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Hindu God Vishnu in The Vedas

In the Rig Veda, there are nearly five hymns that are dedicated to Hindu God Vishnu. He is also part of some other hymns. In all the Vedas put together his name only appears about 100 times.

Macdonell in his Vedic Mythology states:
He thrice traversed the earthly spaces for man in distress, he traversed the earth to bestow it on man for a dwelling, he traversed the earthly spaces for wide-stepping existence, with Indra he took wide strides and stretched out the worlds for our existence.
In Rig Veda, Vishnu is subservient to Indra.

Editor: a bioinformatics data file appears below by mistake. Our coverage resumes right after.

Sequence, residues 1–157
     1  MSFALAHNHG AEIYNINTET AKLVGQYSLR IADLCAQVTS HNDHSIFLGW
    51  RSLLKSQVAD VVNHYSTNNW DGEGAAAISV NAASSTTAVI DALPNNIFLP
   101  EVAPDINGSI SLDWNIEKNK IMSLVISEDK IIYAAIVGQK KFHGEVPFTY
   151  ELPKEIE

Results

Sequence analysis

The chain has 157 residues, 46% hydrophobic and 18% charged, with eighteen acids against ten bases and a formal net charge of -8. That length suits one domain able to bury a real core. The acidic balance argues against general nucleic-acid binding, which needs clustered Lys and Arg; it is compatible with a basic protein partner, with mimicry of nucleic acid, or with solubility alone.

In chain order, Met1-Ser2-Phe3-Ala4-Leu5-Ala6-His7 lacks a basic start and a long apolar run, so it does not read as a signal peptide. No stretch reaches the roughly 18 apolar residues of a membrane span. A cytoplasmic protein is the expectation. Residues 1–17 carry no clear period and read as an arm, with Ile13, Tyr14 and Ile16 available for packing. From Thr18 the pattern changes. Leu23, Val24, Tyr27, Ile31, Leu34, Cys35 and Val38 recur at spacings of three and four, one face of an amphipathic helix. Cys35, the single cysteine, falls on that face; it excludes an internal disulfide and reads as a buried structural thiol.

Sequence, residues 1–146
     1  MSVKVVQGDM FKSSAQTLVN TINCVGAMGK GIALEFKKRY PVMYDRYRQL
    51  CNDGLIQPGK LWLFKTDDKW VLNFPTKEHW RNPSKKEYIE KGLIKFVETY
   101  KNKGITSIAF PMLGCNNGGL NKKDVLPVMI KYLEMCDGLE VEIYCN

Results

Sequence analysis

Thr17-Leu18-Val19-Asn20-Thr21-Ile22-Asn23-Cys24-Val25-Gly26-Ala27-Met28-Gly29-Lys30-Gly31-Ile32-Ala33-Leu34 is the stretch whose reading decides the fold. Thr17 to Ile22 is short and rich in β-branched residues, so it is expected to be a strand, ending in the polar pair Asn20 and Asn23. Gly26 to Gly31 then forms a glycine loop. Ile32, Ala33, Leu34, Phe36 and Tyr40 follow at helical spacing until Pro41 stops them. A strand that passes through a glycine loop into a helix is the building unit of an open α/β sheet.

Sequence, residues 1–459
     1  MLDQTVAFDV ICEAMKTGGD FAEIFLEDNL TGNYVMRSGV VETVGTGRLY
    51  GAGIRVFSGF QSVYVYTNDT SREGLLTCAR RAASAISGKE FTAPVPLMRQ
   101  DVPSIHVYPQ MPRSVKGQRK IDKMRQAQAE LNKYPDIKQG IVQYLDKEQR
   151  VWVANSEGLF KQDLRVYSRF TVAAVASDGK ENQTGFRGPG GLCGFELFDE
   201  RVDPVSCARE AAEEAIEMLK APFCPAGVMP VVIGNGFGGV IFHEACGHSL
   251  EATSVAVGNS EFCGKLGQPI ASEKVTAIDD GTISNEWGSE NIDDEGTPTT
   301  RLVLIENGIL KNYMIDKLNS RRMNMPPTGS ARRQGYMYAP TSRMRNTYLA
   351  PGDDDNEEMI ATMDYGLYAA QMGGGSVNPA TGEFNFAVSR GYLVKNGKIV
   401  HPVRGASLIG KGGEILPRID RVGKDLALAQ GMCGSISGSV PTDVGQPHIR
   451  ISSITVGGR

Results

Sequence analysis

However, there is a change in the status and by later Vedic period; Vishnu had become the greatest god. During later Vedic period, Vishnu is beneficent, innocuous, and bountiful, liberal and generous deliverer and alone sustains the threefold world – heaven, earth and all beings.

In the Rig Veda, Vishnu is called Gopa, the herdsman. The specific term used is Vishnurgopa (Rig Veda 1.22.18). He is also referred as Govinda, the cow keeper and Damodara – one with the cord around one’s belly.

In Vedas, he also equated with Yajna. He is referred as Yajna, Yajnapurusha and Yajnavahana. He averts all the evil consequences that arises out of Yajna or sacrifice.

During the later Vedic period, numerous deities and their cults go assimilated in Vishnu.

Thus during the beginning of the Vedic period Vishnu was a minor deity but by the end of the Vedic era, Vishnu had become the most powerful deity.